All work and no play? Discover how to find your 'third place'

By Victoria Stokes,
updated on Jun 17, 2024

All work and no play? Discover how to find your 'third place'

Life shouldn’t just revolve around home and work. You need to find your special ‘third place’ to reap the wellbeing benefits of feeling supported, connected, and encouraged

What does a typical day look like for you? For lots of people across the globe the day follows a predictable pattern: get up, leave home, go to work, come home again, go to bed.

Perhaps life looked a little differently pre-pandemic. Rather than leaving work and going straight home, maybe you regularly met up with friends at a late-night café. Perhaps there was an exercise class that you religiously attended before your working day began. Or you wouldn’t let a week go by without excitedly dropping into your local book club.

But, post-pandemic, your social routine has never really recovered. Now you find yourself navigating between work and home and back again. Sounds like you need a third place.

A change of scenery

Defined in 1982 by American sociologists Ramon Oldenburg and Dennis Brissett, a third place is simply a public place outside of your home (your first place) and your place of work (your second place) where you can gather and interact with others.

Here, you can fall into conversation with a stranger, catch up with a casual acquaintance, reconnect with an old friend, or simply feel comforted by having people around you.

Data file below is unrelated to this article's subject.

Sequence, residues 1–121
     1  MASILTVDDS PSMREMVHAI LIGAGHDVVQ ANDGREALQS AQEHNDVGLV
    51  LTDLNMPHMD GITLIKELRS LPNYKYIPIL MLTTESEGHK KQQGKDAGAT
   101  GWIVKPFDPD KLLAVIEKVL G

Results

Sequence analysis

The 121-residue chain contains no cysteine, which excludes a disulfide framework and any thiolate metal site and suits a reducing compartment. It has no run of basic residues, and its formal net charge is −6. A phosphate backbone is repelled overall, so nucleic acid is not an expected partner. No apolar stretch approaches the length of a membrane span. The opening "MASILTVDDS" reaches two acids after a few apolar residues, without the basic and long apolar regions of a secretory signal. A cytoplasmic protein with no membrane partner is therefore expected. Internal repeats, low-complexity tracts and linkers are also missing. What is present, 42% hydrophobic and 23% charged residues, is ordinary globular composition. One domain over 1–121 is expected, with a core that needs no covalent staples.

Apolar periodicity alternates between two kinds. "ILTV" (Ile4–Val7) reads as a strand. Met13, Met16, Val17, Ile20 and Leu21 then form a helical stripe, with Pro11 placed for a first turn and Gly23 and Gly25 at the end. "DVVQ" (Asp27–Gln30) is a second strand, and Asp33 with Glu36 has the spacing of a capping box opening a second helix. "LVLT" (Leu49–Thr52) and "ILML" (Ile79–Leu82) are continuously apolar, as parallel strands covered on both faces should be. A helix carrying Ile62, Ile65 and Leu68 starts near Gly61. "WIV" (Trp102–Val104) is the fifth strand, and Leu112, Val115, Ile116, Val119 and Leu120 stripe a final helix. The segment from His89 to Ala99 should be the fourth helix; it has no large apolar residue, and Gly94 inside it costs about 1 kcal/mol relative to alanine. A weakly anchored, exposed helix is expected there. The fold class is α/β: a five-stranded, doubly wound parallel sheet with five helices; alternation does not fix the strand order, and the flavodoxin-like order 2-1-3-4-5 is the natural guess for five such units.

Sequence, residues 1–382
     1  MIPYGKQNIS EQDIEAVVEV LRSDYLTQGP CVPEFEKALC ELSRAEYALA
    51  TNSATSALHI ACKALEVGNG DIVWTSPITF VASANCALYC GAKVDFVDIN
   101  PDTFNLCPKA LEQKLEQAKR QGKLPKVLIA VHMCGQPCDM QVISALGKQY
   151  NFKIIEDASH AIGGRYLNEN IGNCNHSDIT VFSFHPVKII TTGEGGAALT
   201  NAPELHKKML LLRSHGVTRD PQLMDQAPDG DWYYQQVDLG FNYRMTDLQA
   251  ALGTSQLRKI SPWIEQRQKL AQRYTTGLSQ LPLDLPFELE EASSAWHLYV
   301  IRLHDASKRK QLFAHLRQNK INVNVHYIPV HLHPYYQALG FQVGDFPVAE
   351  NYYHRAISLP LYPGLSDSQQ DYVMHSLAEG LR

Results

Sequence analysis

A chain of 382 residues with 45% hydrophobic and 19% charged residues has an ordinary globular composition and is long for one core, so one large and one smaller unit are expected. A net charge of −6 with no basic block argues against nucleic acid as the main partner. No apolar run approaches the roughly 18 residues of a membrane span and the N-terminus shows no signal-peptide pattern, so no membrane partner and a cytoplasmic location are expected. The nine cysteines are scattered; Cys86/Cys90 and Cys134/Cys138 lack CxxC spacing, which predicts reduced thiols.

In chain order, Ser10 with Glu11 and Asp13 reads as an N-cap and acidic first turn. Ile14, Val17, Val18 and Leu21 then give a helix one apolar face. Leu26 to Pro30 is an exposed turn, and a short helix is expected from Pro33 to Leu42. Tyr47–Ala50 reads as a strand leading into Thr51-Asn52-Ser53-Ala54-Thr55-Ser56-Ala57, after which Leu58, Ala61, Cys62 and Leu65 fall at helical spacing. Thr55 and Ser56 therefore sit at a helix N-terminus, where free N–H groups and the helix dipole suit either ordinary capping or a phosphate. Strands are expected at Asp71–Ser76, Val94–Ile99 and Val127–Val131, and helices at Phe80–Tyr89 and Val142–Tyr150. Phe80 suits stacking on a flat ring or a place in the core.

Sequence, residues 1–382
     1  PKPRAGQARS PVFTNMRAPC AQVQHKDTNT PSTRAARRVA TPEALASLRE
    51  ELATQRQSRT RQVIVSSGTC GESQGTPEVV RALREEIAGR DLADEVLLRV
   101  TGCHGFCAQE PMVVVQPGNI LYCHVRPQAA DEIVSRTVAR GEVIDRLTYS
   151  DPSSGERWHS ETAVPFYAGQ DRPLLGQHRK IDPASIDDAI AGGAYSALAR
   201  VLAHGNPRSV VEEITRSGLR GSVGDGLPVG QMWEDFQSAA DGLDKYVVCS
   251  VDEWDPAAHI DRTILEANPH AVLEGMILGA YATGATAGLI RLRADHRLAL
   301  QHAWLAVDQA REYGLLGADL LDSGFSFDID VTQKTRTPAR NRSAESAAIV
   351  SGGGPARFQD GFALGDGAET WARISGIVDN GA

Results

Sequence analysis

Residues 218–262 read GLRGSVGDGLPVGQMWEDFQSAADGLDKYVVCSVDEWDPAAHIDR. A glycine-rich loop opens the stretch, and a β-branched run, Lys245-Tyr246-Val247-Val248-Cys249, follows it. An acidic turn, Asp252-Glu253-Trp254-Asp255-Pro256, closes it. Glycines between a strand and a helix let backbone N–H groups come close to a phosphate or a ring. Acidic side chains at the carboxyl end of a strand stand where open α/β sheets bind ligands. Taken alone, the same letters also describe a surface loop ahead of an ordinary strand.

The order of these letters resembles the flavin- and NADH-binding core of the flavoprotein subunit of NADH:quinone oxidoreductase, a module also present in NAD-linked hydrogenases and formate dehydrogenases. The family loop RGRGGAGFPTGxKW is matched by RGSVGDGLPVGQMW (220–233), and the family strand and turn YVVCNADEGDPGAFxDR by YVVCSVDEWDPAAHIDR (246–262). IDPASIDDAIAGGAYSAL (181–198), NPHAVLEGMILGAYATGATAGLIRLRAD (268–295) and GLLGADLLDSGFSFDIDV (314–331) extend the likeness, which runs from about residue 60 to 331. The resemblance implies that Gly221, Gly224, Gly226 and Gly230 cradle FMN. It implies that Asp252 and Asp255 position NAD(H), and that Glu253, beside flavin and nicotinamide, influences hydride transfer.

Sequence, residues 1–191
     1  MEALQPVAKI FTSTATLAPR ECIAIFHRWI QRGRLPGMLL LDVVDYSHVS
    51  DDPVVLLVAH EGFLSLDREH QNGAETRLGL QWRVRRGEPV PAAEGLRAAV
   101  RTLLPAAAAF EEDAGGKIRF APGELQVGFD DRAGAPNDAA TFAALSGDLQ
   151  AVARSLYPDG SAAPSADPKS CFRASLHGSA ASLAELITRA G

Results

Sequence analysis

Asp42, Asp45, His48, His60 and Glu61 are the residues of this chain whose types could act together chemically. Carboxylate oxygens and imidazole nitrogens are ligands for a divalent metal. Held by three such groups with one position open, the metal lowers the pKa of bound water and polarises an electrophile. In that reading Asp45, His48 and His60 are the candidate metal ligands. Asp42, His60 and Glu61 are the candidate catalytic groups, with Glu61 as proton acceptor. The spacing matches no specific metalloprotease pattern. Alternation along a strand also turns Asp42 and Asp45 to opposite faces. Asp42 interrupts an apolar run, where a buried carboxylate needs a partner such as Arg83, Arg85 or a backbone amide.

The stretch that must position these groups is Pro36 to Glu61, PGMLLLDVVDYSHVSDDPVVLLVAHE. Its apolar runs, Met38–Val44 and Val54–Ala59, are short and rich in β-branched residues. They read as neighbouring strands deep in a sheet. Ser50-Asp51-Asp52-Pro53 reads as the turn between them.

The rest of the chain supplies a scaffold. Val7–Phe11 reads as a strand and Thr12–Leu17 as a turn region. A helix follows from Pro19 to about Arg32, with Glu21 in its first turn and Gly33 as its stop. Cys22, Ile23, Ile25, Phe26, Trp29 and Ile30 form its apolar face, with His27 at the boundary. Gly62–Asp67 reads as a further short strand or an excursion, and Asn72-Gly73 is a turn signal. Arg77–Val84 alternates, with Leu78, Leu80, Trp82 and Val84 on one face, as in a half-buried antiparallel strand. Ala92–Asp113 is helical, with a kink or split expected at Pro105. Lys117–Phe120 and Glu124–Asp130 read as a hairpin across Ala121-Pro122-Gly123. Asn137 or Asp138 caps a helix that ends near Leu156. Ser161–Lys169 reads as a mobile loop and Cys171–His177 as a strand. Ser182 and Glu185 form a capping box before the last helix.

You might have lost these haunts post-pandemic, or perhaps you never really had a third place to begin with. But here’s the thing: third places are vital for our wellbeing.

“Humans are social creatures. We love to live in communities and create a family, and we like to work in teams or with colleagues around. Put simply, being sociable is in our DNA,” explains Kelly Weekers, a psychologist and best-selling author of Happy Life 365, The Power of Choice, and Choosing Me.

Sure, sometimes we like to be left well alone, perhaps opting to curl up with a good book or even just our phones, but we all need genuine, non-digital connections to feel grounded and secure.

Kelly says third places offer us exactly that. “In a world where loneliness is at an all-time high, it’s important to find yourself a place that supports human connection and community.”

It’s easy to assume that we can replicate this feeling of connection and community by simply going online. The digital world has become a kind of virtual third place for many of us, but social media is no match for the bustling atmosphere of your neighbourhood café, or the camaraderie at your local gym.


Mental health-wise, the ramifications of having a real-world third place are huge. Kelly says that when we’re in a third place that makes us feel supported, connected, and encouraged, we get an instant hit of dopamine and serotonin, the happy hormones that boost our mood.

In the long-term, she says having a ‘home’ outside of home, can help you counter feelings of anxiety, stress and depression. “Research shows that social connectedness can lead to a longer life, better health, and improved wellbeing, too,” Kelly points out.

So, what happens when we don’t have a third place to give us that extra feeling of belonging?